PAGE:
Britain to suffer the deepest recession of all the world’s largest economies in 2023


The UK economy is mired in deepening gloom today as figures showed manufacturing slumping.

The closely-watched PMI reading was the lowest in December for 31 months, since the depths of the Covid crisis. 

Companies reported falls in output, numbers of new orders received and stocks, while prices continued to rise, although at a slower rate than before. The rating of 43.5 – with anything below 50 indicating activity contracting – was down from 46.5 in November.

The grim assessment in the S&P Global/CIPS survey came amid warnings Britain faces the deepest recession among the world’s largest economies in 2023.

Analysts at insurer Allianz Trade predicted UK plc will shrink 0.9 per cent this year as it is battered by rising energy bills, high interest rates and a rise in failing businesses.

That compares with an anticipated 0.7 per cent decline in Germany, a 0.4 per cent slump in France and a 0.3 per cent shrinkage for the US.

The report also warned firms across Britain and Europe would suffer a ‘massive profitability shock’ in the coming months from rising energy bills which would not be fully offset by government support measures.

As a result, Allianz predicted business insolvencies in the UK would rise by 15 per cent in 2023 to 27,100 as firms buckle under the weight of higher costs.

Analysts at insurer Allianz Trade predicted the UK economy will shrink by 0.9 per cent this year compared with a 0.7 per cent decline in Germany , a 0.4 per cent slump in France and a 0.3 per cent shrinkage for the US

The closely-watched PMI reading was the lowest in December for 31 months, since the depths of the Covid crisis

The closely-watched PMI reading was the lowest in December for 31 months, since the depths of the Covid crisis

Allianz predicted business insolvencies in the UK would rise by 15 per cent in 2023 to 27,100 as firms buckle under the weight of higher costs

Allianz predicted business insolvencies in the UK would rise by 15 per cent in 2023 to 27,100 as firms buckle under the weight of higher costs

Meanwhile, analysts expected inflation to remain ‘uncomfortably high’ over the coming year, although the annual pace of price rises in Britain would cool to 7.5 per cent in 2023 from 9 per cent last year.

Overall, Allianz concluded the global economy was ‘still headed towards a recession’ in the coming months, predicting worldwide growth of just 1.4 per cent for 2023, down from 2.9 per cent last year, before rebounding to 2.8 per cent in 2024.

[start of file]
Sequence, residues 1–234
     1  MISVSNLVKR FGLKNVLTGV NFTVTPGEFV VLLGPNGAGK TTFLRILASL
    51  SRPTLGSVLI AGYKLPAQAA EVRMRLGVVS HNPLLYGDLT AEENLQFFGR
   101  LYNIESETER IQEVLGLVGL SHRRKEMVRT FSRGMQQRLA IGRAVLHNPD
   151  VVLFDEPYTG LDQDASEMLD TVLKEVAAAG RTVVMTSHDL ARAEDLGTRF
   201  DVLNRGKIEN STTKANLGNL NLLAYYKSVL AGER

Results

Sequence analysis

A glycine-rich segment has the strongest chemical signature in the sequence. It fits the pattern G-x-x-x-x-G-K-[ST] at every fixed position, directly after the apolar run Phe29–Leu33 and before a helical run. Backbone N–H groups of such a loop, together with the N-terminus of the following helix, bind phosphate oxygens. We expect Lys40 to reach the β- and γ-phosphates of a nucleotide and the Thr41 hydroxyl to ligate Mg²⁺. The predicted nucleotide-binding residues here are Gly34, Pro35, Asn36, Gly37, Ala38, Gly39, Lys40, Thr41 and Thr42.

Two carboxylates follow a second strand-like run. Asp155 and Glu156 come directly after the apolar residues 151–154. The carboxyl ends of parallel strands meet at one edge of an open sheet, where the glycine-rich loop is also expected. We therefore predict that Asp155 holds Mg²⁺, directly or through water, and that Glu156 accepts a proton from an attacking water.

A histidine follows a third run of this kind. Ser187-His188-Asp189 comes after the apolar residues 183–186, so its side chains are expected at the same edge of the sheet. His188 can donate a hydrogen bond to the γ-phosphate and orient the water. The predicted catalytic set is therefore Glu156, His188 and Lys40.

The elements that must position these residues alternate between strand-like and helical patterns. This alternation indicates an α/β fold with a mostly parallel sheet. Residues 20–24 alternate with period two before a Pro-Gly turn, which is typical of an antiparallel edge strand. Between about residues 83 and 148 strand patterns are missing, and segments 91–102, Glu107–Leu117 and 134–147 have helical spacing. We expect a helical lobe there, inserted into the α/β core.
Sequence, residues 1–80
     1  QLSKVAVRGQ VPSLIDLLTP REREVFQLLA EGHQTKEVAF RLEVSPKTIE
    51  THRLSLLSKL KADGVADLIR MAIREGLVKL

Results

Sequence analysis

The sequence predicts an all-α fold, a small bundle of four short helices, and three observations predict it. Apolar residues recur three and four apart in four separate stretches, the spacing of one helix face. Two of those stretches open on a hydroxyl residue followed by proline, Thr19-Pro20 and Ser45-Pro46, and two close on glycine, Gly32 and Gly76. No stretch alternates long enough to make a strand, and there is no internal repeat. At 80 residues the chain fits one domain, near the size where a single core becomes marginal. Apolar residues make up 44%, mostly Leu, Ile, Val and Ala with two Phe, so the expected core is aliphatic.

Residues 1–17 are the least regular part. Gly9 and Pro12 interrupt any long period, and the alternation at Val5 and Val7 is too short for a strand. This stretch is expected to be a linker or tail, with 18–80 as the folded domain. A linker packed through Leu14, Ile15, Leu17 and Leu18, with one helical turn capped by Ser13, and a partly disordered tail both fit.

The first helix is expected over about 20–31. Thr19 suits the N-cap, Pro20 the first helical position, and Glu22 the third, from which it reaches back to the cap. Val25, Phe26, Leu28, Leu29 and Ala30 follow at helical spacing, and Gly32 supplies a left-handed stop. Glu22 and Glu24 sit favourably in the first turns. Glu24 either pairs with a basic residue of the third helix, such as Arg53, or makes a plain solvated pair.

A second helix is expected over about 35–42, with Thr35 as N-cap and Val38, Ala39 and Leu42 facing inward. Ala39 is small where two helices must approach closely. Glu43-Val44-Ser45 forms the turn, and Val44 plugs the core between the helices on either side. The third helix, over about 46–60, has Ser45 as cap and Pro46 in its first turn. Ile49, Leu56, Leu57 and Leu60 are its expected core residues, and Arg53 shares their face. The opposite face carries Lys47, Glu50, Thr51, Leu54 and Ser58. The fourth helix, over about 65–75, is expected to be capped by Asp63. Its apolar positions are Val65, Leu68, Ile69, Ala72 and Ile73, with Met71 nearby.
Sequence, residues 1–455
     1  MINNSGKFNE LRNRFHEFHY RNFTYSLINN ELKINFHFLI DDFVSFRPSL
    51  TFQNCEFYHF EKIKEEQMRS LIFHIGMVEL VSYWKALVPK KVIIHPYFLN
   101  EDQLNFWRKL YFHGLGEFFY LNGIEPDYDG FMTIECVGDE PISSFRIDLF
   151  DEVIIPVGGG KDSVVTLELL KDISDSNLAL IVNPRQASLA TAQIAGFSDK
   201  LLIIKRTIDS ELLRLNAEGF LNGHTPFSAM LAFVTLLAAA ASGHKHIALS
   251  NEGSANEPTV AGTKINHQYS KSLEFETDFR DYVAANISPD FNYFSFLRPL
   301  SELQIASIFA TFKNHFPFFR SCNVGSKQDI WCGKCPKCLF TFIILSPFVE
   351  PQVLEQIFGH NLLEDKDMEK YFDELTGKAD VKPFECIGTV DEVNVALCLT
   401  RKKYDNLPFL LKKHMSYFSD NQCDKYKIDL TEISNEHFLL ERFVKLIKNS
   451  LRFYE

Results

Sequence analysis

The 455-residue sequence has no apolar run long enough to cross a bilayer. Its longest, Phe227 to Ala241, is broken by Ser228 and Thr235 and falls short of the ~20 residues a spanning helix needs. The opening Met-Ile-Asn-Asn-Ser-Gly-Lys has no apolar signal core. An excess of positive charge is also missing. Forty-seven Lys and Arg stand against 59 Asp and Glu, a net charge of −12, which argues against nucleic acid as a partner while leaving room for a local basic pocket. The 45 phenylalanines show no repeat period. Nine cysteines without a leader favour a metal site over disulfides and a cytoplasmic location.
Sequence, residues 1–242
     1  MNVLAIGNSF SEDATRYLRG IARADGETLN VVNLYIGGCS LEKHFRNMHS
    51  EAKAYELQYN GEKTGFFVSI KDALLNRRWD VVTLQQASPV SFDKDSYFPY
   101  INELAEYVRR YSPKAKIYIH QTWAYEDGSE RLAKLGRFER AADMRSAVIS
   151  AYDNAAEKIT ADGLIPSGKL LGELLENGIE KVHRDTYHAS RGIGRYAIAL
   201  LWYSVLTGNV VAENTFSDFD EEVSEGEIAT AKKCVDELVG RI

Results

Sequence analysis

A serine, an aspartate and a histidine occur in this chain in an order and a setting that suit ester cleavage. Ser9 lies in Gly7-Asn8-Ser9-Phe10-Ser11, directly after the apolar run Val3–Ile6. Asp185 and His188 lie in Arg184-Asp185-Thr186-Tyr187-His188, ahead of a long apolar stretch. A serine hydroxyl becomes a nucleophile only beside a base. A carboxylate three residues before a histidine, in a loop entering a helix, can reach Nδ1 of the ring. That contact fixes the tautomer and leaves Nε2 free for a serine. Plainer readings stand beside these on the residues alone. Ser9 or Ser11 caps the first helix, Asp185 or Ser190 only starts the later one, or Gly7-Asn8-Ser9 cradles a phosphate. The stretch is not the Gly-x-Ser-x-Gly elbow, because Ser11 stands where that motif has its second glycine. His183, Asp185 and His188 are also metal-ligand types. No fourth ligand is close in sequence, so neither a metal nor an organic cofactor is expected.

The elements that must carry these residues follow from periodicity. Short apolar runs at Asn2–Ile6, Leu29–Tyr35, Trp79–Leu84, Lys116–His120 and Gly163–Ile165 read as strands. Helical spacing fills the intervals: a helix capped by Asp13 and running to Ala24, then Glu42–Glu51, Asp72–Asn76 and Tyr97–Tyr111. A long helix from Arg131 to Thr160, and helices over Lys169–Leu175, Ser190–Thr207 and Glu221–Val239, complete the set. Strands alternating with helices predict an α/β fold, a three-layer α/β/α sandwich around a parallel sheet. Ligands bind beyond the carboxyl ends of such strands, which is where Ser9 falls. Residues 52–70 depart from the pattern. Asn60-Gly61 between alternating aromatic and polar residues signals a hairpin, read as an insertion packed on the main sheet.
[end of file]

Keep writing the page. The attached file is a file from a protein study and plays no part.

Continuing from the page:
Maxime Darmet, senior economist at Allianz Trade, said global trade would ‘continue to slow’ with the manufacturing sector particularly hard hit by lower demand and some companies trying to lower their stock levels due to previous oversupply.

Apart from the early days of the pandemic, the manufacturing PMI reading was one of the one of the worst since mid-2009.

‘Output contracted at one of the quickest rates during the past 14 years, as new order inflows weakened and supply chain issues continued to bite,’ said Rob Dobson, director at S&P Global Market Intelligence.

‘The decline in new business was worryingly steep, as weak domestic demand was accompanied by a further marked drop in new orders from overseas.’

It is the fifth month in a row that the manufacturing PMI score has shown that the sector is in decline, while production fell for the sixth consecutive survey.

Exporters reported low demand from China, the US, mainland Europe and Ireland, largely due to weak economic conditions around the world.

Some companies also mentioned shipping delays, higher costs and other issues all linked to Brexit.

‘Clients are increasingly downbeat and reluctant to commit to new contracts, not just in the UK but also in key markets like the US, China and the EU,’ Mr Dobson said.

‘The weakness in the latter is still being exacerbated by the constraints of Brexit, as higher costs, administrative burdens and shipping delays encourage increasing numbers of clients to shun trade with the UK.’

The Allianz conclusion echoes a warning from Kristalina Georgieva, managing director of the International Monetary Fund (IMF), who predicted a third of the world economy will be in recession this year.

Ms Georgieva warned the US, EU and Chinese economies were all slowing simultaneously and that the growing Covid outbreak in China would slow economic activity across the globe.

The comments came after the IMF cut its 2023 outlook for growth in October, saying the war in Ukraine, inflation and rising interest rates would drag on the world economy.

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